It is not by taking refuge in a hermitage that a seeker will learn to recognize and establish within herself true compassion, but rather in her relationships with her fellows and in her contact with the existential world, however hard and pitiless it may be.
Human beings learn courage by confronting the dangers of the phenomenal world. They learn through the very difficulties existential life inflicts upon them. Ironically, this is because it is only in situations of insecurity, that push them to make the effort to survive, that their intelligence and intellect develop.
Constant consideration of the fragility of the other’s life must arouse in the aspirant not only a feeling of continual compassion, but also, and this is of crucial importance for her emancipation, the beginning of a spiritual awakening. /…/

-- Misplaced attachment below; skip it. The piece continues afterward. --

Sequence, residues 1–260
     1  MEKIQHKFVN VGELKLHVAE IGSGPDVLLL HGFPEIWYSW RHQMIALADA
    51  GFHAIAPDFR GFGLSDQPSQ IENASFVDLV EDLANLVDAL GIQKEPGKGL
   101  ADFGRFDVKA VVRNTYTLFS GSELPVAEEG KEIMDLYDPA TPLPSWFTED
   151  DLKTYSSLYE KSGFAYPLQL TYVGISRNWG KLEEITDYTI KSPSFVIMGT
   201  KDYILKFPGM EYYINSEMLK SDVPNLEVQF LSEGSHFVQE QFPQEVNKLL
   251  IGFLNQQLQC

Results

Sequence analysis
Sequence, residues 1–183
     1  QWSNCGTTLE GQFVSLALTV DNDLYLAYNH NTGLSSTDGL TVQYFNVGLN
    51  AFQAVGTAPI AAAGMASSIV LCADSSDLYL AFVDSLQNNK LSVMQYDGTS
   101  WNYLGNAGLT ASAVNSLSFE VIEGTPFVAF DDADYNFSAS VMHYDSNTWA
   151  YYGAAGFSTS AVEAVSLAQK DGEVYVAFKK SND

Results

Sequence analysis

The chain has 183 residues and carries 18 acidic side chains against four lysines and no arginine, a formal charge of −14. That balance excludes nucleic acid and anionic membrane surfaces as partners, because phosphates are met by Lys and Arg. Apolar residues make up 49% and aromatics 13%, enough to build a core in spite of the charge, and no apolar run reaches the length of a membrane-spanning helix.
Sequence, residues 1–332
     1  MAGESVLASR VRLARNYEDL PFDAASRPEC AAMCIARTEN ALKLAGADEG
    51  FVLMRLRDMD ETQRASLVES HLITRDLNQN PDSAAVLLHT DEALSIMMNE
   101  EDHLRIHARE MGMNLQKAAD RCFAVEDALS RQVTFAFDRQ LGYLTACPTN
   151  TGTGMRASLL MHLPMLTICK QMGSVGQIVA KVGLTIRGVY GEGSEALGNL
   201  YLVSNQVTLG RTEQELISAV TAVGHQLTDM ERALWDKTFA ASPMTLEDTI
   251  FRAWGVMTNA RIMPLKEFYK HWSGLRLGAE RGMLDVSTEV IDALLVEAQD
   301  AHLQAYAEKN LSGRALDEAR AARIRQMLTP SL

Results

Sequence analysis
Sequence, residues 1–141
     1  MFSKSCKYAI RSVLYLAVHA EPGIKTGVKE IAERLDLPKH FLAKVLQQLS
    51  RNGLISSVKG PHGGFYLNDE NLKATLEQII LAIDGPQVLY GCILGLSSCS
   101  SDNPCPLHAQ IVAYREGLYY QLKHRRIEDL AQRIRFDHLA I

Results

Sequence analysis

Is it possible to love another without feeling compassion for her? Without being conscious of it, did one, at the beginning, “love” the other only because one had sexual needs to satisfy? Can one accept and love the person with whom one shares one’s life despite the differences in thought and temperament that must inevitably exist in her? All men and all women are incomplete, divided internally and victims of themselves and, without them realizing it, the thoughtless way they act towards others is only, deep down, the manifestation of the dissatisfaction and inner solitude that inhabit them.
Has one ever really looked at another from an inner silence, without expecting anything from him or her? And, even if one has lived one hundred years with a partner, is it ever possible to know that person? For that matter, is it ever possible to know another?
The Supreme Quest chap 16